Hands up those of you who worship at the shrine of good hair. So that would be just about everyone, am I right? It’s a well-known fact that a woman and her hair are inextricably bound. A tangle that defies untangling.
Our hair is such an integral part of how we look that we never give up on it, at least not without a fight. In some cases that fight can take on epic proportions, involving countless potions, appliances and perhaps a dash of the dark arts. Up to and including voodoo (though hopefully not including chickens).
Our hair can be anything from a number one cut to waist-length tresses liberally augmented by strands from a stranger’s head. It can be coloured honey, strawberry, carrot or banana (OK, maybe not banana). Pink, blue or green are also options, possibly even at the same time.
Whatever the state of our hair, it reveals much about us. Sometimes perhaps more than we intend or realise. Sometimes the way we don’t have our hair can say as much about us as the way we do.
Take me, for instance. About three years ago I made the decision to go au naturel. Let the grey have its way.
The first greys started to appear in my thirties. I was never going to allow them to broadcast their message of ageing to the world. There’s was no doubt in my mind, The Grey Had To Go.
I was born a brunette so my first line of defence was henna, in one of the less lurid shades. This worked fine until the grey multiplied to the point where my hair was covered in copper streaks – the wiry kind, not very flattering.
So I took it to the next level. Now I was having allover colour with judicious streaks to “lift” it a bit. I opted for a shade of aubergine with beetrootish highlights. While the grey continued its inexorable march across my head, I kept it well under cover. It didn’t come cheap, mind, but the god of good hair had to be appeased.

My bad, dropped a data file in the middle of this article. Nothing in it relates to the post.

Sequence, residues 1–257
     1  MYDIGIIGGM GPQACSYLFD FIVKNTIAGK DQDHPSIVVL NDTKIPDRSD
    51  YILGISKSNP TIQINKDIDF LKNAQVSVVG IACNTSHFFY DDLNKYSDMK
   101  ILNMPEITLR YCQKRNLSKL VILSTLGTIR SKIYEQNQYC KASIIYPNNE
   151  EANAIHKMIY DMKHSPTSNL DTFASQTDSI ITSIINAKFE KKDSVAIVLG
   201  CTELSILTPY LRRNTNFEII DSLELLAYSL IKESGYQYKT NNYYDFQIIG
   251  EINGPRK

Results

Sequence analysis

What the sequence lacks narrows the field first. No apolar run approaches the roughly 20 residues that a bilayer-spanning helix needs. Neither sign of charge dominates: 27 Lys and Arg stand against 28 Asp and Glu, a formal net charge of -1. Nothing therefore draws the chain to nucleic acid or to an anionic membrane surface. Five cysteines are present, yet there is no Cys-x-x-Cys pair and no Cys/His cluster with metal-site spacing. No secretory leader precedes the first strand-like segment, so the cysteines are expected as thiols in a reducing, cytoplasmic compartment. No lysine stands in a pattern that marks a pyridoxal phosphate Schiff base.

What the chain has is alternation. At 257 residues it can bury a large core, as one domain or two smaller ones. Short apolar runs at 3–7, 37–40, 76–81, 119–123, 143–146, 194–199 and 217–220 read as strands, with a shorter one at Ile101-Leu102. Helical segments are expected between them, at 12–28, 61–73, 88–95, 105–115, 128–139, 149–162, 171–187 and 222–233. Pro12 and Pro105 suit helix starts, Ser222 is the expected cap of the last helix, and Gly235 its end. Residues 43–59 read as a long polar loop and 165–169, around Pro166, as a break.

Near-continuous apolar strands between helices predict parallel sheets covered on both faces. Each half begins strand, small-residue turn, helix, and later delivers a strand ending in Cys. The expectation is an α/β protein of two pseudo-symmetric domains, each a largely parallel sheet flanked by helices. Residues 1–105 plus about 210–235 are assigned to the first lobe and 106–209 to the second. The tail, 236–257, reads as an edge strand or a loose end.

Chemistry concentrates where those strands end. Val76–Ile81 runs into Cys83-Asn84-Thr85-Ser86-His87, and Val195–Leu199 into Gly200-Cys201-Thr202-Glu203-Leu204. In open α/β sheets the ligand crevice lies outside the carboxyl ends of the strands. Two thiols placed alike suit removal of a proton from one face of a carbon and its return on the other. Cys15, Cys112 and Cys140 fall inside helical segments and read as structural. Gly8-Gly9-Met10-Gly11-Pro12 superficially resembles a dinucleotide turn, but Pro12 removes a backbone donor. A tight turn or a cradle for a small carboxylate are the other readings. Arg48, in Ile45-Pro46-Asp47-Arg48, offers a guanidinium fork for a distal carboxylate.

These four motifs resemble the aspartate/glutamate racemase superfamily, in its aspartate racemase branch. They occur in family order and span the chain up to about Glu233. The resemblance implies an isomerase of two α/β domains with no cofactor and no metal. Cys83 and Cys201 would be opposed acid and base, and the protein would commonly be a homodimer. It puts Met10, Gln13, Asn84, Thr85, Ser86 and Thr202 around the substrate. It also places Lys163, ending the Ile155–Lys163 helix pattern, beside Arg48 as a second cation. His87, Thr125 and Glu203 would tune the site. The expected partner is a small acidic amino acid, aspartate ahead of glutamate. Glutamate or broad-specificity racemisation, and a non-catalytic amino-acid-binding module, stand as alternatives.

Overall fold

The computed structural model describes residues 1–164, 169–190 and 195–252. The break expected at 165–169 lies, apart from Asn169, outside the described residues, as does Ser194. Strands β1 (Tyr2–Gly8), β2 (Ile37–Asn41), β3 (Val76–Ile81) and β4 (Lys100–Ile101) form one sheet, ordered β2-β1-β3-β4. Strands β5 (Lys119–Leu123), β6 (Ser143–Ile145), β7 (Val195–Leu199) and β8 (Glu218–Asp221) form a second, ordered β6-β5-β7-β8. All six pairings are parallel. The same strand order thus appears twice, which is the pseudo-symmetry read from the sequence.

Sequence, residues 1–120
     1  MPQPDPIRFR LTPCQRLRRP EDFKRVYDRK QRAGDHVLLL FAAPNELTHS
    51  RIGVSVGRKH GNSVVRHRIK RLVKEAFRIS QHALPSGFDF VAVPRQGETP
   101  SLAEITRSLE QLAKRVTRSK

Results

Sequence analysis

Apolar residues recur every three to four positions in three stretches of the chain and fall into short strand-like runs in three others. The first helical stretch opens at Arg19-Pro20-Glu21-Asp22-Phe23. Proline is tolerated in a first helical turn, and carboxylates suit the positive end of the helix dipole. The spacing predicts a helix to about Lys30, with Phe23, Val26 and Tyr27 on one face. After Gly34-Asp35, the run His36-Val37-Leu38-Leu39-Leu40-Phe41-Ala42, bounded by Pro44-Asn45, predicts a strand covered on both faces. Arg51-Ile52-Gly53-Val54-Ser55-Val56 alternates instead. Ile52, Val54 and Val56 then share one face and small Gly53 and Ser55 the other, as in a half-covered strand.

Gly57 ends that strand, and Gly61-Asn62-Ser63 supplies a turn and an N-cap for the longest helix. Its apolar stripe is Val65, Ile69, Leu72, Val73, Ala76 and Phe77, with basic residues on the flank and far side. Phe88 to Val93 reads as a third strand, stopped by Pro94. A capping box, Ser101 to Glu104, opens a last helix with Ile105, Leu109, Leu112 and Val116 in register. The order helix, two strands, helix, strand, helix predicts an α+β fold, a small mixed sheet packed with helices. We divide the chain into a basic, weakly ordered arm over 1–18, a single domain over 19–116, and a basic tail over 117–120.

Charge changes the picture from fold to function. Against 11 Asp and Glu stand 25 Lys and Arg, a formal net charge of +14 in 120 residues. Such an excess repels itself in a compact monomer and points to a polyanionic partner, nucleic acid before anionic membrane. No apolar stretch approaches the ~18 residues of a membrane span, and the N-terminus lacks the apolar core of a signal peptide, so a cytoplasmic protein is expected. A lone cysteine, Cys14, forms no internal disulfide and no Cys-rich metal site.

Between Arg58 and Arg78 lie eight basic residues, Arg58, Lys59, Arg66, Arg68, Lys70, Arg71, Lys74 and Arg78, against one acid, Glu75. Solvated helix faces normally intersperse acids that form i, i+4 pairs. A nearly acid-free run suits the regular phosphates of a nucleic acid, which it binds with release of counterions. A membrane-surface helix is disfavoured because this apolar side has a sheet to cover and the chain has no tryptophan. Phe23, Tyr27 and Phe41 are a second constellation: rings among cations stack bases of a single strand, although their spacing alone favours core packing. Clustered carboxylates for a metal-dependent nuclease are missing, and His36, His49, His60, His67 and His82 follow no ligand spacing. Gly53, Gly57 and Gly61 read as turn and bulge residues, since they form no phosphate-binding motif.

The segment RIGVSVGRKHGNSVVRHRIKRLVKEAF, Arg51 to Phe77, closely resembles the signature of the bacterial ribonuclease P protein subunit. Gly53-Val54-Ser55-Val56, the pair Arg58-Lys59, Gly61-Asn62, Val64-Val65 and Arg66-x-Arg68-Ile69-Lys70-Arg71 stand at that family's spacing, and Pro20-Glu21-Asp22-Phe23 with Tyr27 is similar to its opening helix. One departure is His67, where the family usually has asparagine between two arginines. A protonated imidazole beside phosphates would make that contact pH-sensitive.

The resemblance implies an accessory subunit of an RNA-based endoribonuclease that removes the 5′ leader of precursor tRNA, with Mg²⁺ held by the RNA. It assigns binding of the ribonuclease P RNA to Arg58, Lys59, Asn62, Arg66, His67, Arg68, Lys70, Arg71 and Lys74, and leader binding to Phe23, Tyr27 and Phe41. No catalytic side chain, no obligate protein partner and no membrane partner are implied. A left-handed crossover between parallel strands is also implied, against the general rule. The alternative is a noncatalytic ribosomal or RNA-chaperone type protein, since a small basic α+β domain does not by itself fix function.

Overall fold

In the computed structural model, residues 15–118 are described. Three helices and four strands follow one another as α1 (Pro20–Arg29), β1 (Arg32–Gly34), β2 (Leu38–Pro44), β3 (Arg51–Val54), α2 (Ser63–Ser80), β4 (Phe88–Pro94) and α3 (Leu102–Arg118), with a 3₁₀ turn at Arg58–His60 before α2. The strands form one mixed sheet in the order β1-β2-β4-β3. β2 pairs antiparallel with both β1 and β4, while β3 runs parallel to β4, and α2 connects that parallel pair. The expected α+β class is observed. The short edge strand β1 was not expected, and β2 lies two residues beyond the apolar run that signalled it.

Eventually I decided the aubergine look had had its day and opted for something blonde on the shade chart. But I baulked at the demands of regrowth maintenance and kept the streaking to half my head. The greying strands blended tastefully with two shades of blonde, creating a kind of variegated effect.
By now I was in my late forties and my hair reflected how I felt – a foot in both camps, the youthful me and that other one, the one who was growing older by the day.
And there I remained, straddled across the divide, until one day three years ago, I became curious about the “real me” – what did my real hair actually look like? What would I look like with my natural hair? The thought was scary but also quite exhilarating in a strange way.
Thus began the process of discovery as the colour slowly grew out and nature took its course. I entered a new era, one where I was no longer straddling but had both feet on the same side. The god of good hair’s side.
Or so I like to think. Surely we don’t have to dye for him?